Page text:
It would be really interesting to see some of the structures put back into this space to make it clearer what life would have been like to actually live up here. Once we'd done a quick lap of the site and discussed what the many lumps and bumps may have been in the surrounding countryside, we hopped back into the car and moved on to our next destination.

Next stop was Whittington Castle which is looked by the community and is free to enter but you have to pass the guard swans before you can get in. We still had quite a bit of duck food left so were happy to offer it up to the inhabitants as payment. Swans are a bit bullyish when it comes to feeding them food. They don't actually want to eat it themselves but they don't particularly want anyone else to have it so we had to keep circling around to avoid them and their nippy ways.

The castle was originally completely surrounded by water, with various parts of the castle on different islands which could be retreated to and cut off if they were invaded. All that's left are a couple of pools of water and a partial moat at the front of the castle by the gate towers but it would probably have looked quite lovely (like an English Venice) with a garden on one island, buildings on another island, gate towers and defensive buildings on another island....

(Headless swans in the moat!)

Since our day was spent mostly on the outskirts of Oswestry, we thought we would re-visit the town itself (we'd been there on a previous day for the market) and wandered around the church, popped in to the visitor's centre, Poundland.... I didn't take very many photos on my camera during this though.

Day Eight::

Our going home day! We'd packed the night before, had our last fire in the fire pit and used up all of the wood, said our goodbyes to the temperamental freezer, ate leftover apple and pear crumble for breakfast and tumbled into the car.
As with our journey on the way up, we had planned a place to visit on the way home again to break up the journey, and went to Coughton Court, a National Trust owned Tudor house with a really fabulous garden!

The inside of the house was very impressive and it has several royal connections through the Throckmorton family. Bess Throckmorton was Lady-in-Waiting to Queen Elizabeth I and secret wife of Sir Walter Raleigh, both of whom were sent to the Tower of London by the Queen when this little fact was discovered. Raleigh was later beheaded in 1618. In one of the towers of the house is the gruesome sight of a head in a red bag on a chair (not a real head) which stems from rumours that Bess supposedly carried his embalmed head around with her in a red leather sack. Lovely!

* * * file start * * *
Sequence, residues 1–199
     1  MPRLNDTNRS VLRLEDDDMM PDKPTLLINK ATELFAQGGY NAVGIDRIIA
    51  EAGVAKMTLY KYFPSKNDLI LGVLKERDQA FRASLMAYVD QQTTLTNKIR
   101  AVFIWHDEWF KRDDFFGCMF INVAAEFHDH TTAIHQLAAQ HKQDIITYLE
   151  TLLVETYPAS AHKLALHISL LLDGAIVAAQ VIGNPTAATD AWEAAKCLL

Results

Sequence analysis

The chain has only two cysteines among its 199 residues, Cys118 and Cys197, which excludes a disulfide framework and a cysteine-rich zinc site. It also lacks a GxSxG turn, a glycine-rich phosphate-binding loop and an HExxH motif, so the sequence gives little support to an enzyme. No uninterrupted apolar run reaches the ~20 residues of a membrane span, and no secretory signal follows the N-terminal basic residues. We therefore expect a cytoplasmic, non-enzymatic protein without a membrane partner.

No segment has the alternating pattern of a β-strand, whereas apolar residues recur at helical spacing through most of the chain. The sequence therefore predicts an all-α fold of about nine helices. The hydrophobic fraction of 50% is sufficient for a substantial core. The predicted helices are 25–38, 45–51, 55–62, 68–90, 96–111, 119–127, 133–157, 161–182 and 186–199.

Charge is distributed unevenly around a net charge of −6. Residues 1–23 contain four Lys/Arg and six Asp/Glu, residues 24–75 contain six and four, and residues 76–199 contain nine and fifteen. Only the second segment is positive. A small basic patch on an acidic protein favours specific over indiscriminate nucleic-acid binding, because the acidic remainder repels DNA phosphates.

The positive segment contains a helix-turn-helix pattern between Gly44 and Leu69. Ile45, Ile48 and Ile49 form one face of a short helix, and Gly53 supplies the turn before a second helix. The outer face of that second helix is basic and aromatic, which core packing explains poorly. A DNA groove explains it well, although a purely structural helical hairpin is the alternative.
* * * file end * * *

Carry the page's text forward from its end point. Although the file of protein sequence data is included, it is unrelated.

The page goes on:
There is also a rather large connection to Guy Fawkes and the gunpowder plot, when Catholic plotters attempted to assassinate King James I by blowing up Parliament in 1605. Robert Catesby and Francis Tresham were nephews of Thomas Throckmorton, and Robert and Thomas Wintour were also related to the Throckmorton family. All four were heavily involved in the plotting of the assassination, and there is an extended family tree exhibited in one of the rooms at Coughton showing how many other members of the family were involved in the plot and subsequently executed, either caught at the time or tracked down later. It's nearly all of the men in the family at the time!
Arms, ammunition and horses were stored in the grounds waiting for the uprising that was supposed to follow a successful assassination of James I and his government, but instead it was in the gatehouse that the family and their associates received word of the failure....and their doom. Dun, dun, duuuuuuun!!!!! 

What's really interesting is that you can get up onto the roof of the court! The grounds stretch out around you and you can clearly see the two churches in the grounds, the catholic one much bigger and more impressive, built after you were allowed to be openly catholic again. There is a priest hole on one of the towers which, when discovered, still had a pillow, blanket, tapestry and leather altar hidden away in it!

The gardens are particularly lovely and include a walled garden, lake, knot garden, vegetable garden, orchard and bog garden. The walled garden was opened by Alan Titchmarsh! There are areas focusing on different colours and different themes which give the impression of different rooms. You enter and leave under a walkway of grapes dripping from the vines, into a larger space which splits off into pathways dotted with roses and archways, hops growing up one support and wisteria up the next.

One particular section had a long strip of grass up the centre and a purple and pink coloured flowerbed stretching the length of the right hand side.

On the other side was a hot flower bed with yellows, orange and red flowers. It was spectacular!

It was such a lovely place to stop off and finish our week away. My camera is stuffed full of photos of the gardens and all of the flowers- very inspirational for colour combinations for my stitchscapes!
I hope that you have enjoyed travelling along with me on our little holiday!